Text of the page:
NEW FAIRFIELD Taking stock of ‘lock box’ for docks
NEW FAIRFIELD — The town hopes a new “lock box” fund will not only set aside enough money to replace its deteriorating docks over the next few years, but ensure there is a mechanism in place for the next time around.
The new agreement — between the Parks and Recreation Commission, selectmen and finance officials — will use some parks and recreation money and part of the town’s surplus from last year to put aside $406,000.
It will then raise dock fees and take a portion of the revenue each year to build $837,000 by 2022, officials said.
The new fund will be in place of the parks and recreation’s “boat dock replacement fund,” which officials found had only saved $82,000. That fund hadn’t followed a specific system or used the money for other projects over the years, First Selectman Pat Del Monaco said.
“The difference is there’s going to be a specific amount of money that goes into that fund every year — before it was more of an annual budget process,” Del Monaco said. “We’re trying to make sure from this point forward that that money will accumulate so next time around there’s (funds).”
The Board of Selectmen had first brought forward a plan to begin replacing the docks, which have fallen into disrepair, when finance officials asked how they would use surplus money from last year.
Part of the $280,000 surplus would cover replacing one of the dock’s four “arms,” they said.
But both boards decided to hold off and look into a more long-term plan and how the Parks and Recreation Commission, which oversees the docks, could chip in.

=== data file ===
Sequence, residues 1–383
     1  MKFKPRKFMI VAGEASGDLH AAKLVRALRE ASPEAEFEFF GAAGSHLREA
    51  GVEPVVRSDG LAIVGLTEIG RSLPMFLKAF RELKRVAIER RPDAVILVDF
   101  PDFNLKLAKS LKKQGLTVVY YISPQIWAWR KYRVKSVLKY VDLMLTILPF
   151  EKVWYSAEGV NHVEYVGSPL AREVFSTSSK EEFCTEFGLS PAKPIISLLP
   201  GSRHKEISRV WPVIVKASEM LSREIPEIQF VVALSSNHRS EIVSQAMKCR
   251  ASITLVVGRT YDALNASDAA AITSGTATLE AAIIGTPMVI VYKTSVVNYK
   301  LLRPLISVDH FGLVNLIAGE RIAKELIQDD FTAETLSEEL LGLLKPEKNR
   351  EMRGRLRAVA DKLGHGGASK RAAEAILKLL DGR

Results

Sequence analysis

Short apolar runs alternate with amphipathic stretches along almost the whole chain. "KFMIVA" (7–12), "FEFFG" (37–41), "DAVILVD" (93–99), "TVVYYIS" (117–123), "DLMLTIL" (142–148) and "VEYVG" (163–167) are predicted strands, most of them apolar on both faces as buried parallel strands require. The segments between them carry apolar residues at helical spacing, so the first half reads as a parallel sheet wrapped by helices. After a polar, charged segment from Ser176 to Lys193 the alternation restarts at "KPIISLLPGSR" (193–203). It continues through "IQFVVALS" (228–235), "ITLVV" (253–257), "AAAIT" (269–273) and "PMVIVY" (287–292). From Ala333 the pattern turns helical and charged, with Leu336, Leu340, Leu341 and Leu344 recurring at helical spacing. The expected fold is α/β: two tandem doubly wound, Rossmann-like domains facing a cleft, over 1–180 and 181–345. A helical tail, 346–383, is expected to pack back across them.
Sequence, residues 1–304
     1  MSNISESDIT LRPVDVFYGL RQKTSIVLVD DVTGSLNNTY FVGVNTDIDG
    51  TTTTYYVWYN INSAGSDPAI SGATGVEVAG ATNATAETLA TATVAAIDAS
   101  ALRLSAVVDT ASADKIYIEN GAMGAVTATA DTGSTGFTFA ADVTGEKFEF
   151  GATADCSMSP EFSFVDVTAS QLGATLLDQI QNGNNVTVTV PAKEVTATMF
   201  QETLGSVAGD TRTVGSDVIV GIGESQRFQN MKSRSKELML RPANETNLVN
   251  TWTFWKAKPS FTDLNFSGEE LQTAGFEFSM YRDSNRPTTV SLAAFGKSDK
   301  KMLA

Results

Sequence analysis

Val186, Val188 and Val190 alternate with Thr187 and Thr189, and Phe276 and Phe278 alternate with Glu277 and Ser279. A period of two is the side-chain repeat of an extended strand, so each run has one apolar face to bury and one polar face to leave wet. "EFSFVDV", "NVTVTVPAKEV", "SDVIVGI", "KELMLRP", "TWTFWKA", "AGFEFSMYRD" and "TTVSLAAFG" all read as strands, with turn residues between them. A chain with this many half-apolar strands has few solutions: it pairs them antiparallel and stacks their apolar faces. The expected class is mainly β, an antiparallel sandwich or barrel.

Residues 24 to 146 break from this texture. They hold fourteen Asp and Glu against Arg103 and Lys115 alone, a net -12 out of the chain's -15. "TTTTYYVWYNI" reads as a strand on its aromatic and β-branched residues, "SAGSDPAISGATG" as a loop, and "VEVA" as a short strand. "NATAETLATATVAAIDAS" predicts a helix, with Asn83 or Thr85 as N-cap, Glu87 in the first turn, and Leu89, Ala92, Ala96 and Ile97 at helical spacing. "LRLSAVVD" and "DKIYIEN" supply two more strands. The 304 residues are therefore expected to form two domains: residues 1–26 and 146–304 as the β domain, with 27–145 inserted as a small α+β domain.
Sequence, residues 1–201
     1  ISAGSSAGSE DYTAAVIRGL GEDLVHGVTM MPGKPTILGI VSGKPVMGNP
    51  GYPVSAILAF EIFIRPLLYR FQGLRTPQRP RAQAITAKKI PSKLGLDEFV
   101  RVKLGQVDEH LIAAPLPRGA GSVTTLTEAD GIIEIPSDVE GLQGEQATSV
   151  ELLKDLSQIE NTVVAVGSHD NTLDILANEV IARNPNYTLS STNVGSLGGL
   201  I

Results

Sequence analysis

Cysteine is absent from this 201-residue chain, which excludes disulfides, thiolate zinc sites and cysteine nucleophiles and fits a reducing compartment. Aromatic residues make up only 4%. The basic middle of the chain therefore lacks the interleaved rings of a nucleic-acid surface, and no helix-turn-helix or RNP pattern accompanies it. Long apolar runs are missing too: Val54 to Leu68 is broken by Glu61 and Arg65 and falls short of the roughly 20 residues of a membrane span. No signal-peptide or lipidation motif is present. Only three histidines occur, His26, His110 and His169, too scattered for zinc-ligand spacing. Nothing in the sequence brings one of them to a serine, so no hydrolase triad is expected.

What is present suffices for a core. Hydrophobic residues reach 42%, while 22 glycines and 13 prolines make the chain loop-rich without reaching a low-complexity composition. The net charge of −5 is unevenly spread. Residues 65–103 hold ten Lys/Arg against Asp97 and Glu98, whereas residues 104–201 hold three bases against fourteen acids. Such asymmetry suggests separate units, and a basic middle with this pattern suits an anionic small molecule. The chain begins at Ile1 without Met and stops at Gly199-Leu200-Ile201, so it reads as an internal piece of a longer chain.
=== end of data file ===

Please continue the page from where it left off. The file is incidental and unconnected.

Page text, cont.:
“Representatives of the Board of Finance, the Parks and Recreation Commission and Parks and Recreation Department sat down and worked through what money would be available to get the fund started and cover the first year of expenses,” Del Monaco said.
The starting amount will help the town cover a $20,000 engineering study of the docks and probably replacing at least one of the arms this year.
Taking the surplus funds, though, will require a town meeting. Del Monaco said the town will wait for the study to determine more definitive costs before holding that official vote.
The “lock box” agreement also makes it so that the town will take over setting boat and jet ski fee rates, with recommendations from the parks and recreation commission. The town also agreed not take a portion of the parks and recreation revenue, as it does now, and in return the commission will cover its own capital projects in the future.
Spending the lock box money is set up so that it requires both Board of Selectmen and Board of Finance approval to ensure it continues to build up the fund, officials said.
“Board members change and we want some consistency there,” Wes Marsh said. “The reason the Board of Finance is there is in the past things have not worked out the way they were supposed to work out, so we wanted another check.”